• Now I see the problem. Lfdder asks a question that has nothing to do with an RfC. Neo removes it without an argument saying that it has nothing to do with the RfC, so this is what you get. Lfdder, your questions have nothing to do with the RfC. Ask them in a different section. Let the rest of this section be devoted to the RfC. Of some relevance is WP:DIACRITICS, but it does not mandate one over the other. Drmies (talk) 01:21, 14 June 2013 (UTC)

Original research in Ascetic life and awakening section[edit]

My removal of original research was recently reverted. The upper half of the section "Ascetic life and awakening section" cites directly from Kalpa Sutra a relgious text. It says that "At the age of 30 Mahavira abandoned all the comforts of royal life and left his home and family to live ascetic life for spiritual awakening. He underwent sever penaces, even without clothes. There is graphic description of hardships and humiliation he faced in the Jain text of Kalpasutra" and provides two quotes from Kalpa sutra for it. It clearly falls into original research for it uses primary religious religious text as reference and should hence be removed. Rahul Jain (talk) 07:41, 30 June 2013 (UTC)

It is not directly copied from some unpublished version of Kalpa Sutra. Academic published book source is given. Quoting text from reliable published sources is common practice on wiki. Pls read WP:OR again. neo (talk) 08:40, 30 June 2013 (UTC)
Nothing in WP:OR allows us to use religious texts kalpa sutra itself for the above mentioned claim ("At the age of ... text of kalpasutra"). This is classic example of original research. One would require reliable secondary source for it. Rahul Jain (talk) 08:58, 30 June 2013 (UTC)
So that book is not "secondary source"? If some book use Quran, Geeta, Bible verses then you think those verses should not be "quoted" in the article? All religious articles like Quran do quote translation of religious text if it is published in reliable sources. neo (talk) 09:43, 30 June 2013 (UTC)
The book "Jacobi, Hermann (1884). (ed.) F. Max Müller, ed. The Kalpa Sūtra. Sacred Books of the East vol.22, Part 1 (in English: translated from Prakrit). Oxford: The Clarendon Press. ISBN 0-7007-1538-X. " cannot be treated as a secondary source for the claim I mentioned above. Rahul Jain (talk) 09:52, 30 June 2013 (UTC)
Why? Is Kalpasutra originally written by Max Müller and he published it through Oxford University Press? neo (talk) 10:16, 30 June 2013 (UTC)
Because kalpa sutra is a religious text. Rahul Jain (talk) 10:32, 30 June 2013 (UTC)
And this article is about scientist? Are you arguing about relevance of content or reliability of source? neo (talk) 10:47, 30 June 2013 (UTC)
A religious text should not be used as a source to back up the claim ("At the age of ... text of kalpasutra") because that is original research. Rahul Jain (talk) 10:53, 30 June 2013 (UTC)
For religious figures, historical texts may not be available; most of what we know comes from hagiographies. Jacobi or Muller (English translations with commentary) will be secondary refs for Kalpa Sutra. Some thing like "The Kalpa Sutra states that Mahavira did ...." seems to be ok. However, the long quotes seem unnecessary and should be converted to running text. Redtigerxyz Talk 11:08, 30 June 2013 (UTC)
The book presented here is a translation of kalpa-sutra in English by Jacobi. Rahul Jain (talk) 11:11, 30 June 2013 (UTC)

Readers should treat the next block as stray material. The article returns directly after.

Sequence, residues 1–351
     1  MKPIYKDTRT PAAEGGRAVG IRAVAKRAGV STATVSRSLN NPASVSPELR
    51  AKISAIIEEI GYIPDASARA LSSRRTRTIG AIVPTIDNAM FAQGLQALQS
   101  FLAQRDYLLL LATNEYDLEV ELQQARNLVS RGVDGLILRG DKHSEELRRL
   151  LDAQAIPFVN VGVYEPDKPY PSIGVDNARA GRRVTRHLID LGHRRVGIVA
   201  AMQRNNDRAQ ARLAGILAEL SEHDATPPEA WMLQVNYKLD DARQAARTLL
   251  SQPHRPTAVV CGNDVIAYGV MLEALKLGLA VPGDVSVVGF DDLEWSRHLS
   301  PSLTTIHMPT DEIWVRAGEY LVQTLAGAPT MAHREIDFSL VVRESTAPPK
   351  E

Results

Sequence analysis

Checked Muller. It has footnotes with commentary where needed. Redtigerxyz Talk 11:25, 30 June 2013 (UTC)
I agree with Redtigerxyz. I was lazy and had copy-pasted that text from Jain monasticism which was originally included by user:Indian Chronicles. But argument of The Rahul Jain about reliability of source is invalid. neo (talk) 11:17, 30 June 2013 (UTC)
Max Muller and Sacred Books of the East has been quoted extensively as a reliable source in Wikipedia. But what Tiger says makes complete sense. It is clear Rahul Jain is not able to interpret the Wikipedia rules properly, atleast in this case.--Indian Chronicles (talk) 15:43, 1 July 2013 (UTC)
I cannot find anything in the commentary or the footnotes of the book by Jacobi/Muller that supports the claim that "There is graphic description of hardships and humiliation he faced in the Jain text of Kalpasutra". Can anyone mention the page number? As far as I understand the policy of wikipedia, if the translation itself is being used to support it, then it is original research. On the other hand, if that is the views of the author (Herman Jacobi or Muller) then it can very well belong on wikipedia. Rahul Jain (talk) 16:07, 1 July 2013 (UTC)

@The Rahul Jain: Kalpa Sutra also gives 'graphic description' of his ascetic life. If you have problem with 'humiliation' word, then it is mentioned in harvard source with regard to Acaranga sutra. I have rephrased text and have changed placement of ref. But that translated quote from book is not original research. neo (talk) 18:31, 1 July 2013 (UTC)

Thanks Neo. You are right. We need to refer to WP:PRIMARYNOTBAD. Quite evidently as specified in the policy, the Sacred texts by Max Muller/ Jacobi are authoritative, high-quality, accurate, fact-checked, expert-approved, subject to editorial control and published by a reputable publisher. These have been used in featured articles also. There is no original research involved and they are reliable sources. Too much hair splitting, pedantic and rabid interpretations of the trival issues and policies will ensure that all the good and solid reliable sources will have to be deleted from Wikipedia. Indeed this was never the intention of the policy makers and Wikipedia will be poorer due to such depraved interpretation of policies. --Indian Chronicles (talk) 07:07, 2 July 2013 (UTC)